My final verdict is 5 Rudii.
This full-color pdf is 16 pages long, 1 page front cover, 1 page editorial, 2 pages ads, 1 page SRD, leaving 11 pages for the 30 magical blades. Enough to make them “unique” as per the premise of the book? We’ll see.
The pdf starts with a short table that lists the weapons according to their value, the cheapest being 4,312 GP, the most powerful one scoring at a whopping 175,325 GP. The book features a beautiful, full-color, digital artwork by Sade for each and every weapon in the book, which I definitely liked. The layout is also consistent and very nice to look at. Each of the thirty blades comes not only with a short story that could serve as a hook on how to get the weapon, but also with several abilities that go beyond +2 ice-bursting sword. I.e., each of the blades (There are also spears, btw.) has some distinctive quality besides its primary characteristics.
Editing and formatting very top-notch, I didn’t notice any mistakes.
Magic item books tend to have a hard standing with me. I’m a sucker for elaborate backgrounds, weapons that level up and PCs with a very limited access to magic weapons and gadgets. I’m quite old-school there, every weapon or magic item in my campaign gets its own background story.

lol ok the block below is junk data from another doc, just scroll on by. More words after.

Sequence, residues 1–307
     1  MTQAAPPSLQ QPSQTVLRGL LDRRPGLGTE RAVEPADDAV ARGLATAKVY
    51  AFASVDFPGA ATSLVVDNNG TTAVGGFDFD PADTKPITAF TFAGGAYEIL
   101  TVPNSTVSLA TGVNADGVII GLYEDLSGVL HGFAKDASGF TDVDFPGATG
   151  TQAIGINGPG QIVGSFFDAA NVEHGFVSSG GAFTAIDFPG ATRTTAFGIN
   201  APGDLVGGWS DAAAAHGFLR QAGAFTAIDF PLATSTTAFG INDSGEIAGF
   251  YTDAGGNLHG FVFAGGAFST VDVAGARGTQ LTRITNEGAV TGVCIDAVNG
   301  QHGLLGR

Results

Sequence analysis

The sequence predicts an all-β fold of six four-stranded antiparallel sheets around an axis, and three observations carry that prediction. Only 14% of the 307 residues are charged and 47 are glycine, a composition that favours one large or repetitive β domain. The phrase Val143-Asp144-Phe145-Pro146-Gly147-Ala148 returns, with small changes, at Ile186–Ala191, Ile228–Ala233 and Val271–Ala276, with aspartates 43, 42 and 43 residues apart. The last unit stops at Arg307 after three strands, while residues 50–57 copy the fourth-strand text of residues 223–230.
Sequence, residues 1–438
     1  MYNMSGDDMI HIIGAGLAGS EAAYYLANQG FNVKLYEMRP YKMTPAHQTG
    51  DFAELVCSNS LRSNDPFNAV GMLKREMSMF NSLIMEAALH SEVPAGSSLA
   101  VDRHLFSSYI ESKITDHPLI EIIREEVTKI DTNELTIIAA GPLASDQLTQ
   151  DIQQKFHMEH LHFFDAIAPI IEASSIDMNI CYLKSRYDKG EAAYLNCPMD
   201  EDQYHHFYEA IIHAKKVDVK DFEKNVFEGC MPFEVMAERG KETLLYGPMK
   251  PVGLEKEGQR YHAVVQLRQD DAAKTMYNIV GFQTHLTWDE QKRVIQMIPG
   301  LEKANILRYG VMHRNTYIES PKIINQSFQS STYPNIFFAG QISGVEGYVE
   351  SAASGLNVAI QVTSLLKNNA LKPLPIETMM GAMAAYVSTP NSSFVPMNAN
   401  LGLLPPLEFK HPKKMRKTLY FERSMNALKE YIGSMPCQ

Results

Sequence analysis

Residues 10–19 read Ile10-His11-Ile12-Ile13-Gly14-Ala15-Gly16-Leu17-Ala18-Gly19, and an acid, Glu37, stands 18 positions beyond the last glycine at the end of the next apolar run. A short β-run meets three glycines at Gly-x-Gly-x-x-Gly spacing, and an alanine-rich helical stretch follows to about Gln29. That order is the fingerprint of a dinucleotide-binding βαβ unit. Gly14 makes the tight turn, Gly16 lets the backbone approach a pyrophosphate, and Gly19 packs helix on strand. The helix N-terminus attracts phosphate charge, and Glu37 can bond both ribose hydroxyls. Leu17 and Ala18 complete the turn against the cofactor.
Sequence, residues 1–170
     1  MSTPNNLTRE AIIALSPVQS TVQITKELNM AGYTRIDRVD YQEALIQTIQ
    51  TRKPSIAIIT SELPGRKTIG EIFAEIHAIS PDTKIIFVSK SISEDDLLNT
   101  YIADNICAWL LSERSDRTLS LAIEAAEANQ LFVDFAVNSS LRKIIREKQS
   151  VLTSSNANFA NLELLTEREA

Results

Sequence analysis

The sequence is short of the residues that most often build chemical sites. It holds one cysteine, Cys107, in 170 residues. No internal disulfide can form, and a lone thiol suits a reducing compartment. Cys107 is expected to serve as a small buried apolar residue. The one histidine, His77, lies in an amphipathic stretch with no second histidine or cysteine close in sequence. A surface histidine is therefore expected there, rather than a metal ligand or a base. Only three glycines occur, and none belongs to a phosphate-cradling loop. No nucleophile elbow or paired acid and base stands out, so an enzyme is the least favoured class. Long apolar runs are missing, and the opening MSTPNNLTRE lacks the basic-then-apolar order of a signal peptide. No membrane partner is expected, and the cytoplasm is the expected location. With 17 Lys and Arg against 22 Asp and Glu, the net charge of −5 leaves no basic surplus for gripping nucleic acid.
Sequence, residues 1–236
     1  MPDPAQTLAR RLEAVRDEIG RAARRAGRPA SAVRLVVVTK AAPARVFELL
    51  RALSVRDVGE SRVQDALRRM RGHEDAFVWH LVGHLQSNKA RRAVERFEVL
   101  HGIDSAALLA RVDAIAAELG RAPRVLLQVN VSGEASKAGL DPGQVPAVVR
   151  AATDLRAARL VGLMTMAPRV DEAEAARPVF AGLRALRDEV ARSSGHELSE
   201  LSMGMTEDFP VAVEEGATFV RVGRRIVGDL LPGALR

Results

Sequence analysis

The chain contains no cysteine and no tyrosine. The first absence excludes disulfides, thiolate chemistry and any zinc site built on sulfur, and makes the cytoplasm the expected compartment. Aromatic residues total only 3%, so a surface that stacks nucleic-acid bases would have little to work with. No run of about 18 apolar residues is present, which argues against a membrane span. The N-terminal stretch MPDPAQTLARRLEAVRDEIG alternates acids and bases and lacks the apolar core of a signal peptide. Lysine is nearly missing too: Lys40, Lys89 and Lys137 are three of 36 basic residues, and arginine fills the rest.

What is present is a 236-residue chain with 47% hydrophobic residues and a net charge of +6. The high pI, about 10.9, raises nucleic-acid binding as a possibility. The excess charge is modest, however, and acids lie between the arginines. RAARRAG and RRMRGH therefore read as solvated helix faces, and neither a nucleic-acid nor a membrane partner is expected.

There is obviously not too much space for background-texts for the blades in this pdf, although you get more than in almost all item-supplements I’ve read so far, which is great news – while I love the modularity of recent editions when it comes to magic items, it also made many a weapon or armor a common commodity instead of an awe-inspiring item.
The production values are top-notch, as often a picture of a blade makes it MUCH MORE memorable than it would be without it. That being said, all the blades feature the Rite Publishing style, i.e. they have something rather unusual or special about them – for the low price, that is quite is something!However, if you’re like me, you would probably have preferred less blades and more background on the weapons presented. I can’t find any serious flaw with this product, though. Thus, for me, this is a 4 Rudii product, probably because it didn’t utterly grip me and make me shout “Hell yeah”. If you’re into equipment books, though, this is gold. For you, this may be a 4.5 or even 5 Rudii-file.
That's it from me for now, to all you fine folks out there a merry christmas in case I don't get around to posting again, I hope you'll find fine gifts under your trees!
All the best,